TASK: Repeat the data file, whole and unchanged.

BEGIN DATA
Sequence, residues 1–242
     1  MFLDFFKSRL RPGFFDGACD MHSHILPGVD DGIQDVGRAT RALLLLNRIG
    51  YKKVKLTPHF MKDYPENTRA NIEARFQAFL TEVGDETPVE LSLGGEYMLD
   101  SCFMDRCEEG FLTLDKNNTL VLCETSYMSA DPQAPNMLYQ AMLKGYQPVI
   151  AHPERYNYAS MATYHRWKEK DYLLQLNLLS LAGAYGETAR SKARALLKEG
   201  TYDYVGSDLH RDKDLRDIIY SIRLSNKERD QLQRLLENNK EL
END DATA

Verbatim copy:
Sequence, residues 1–242
     1  MFLDFFKSRL RPGFFDGACD MHSHILPGVD DGIQDVGRAT RALLLLNRIG
    51  YKKVKLTPHF MKDYPENTRA NIEARFQAFL TEVGDETPVE LSLGGEYMLD
   101  SCFMDRCEEG FLTLDKNNTL VLCETSYMSA DPQAPNMLYQ AMLKGYQPVI
   151  AHPERYNYAS MATYHRWKEK DYLLQLNLLS LAGAYGETAR SKARALLKEG
   201  TYDYVGSDLH RDKDLRDIIY SIRLSNKERD QLQRLLENNK EL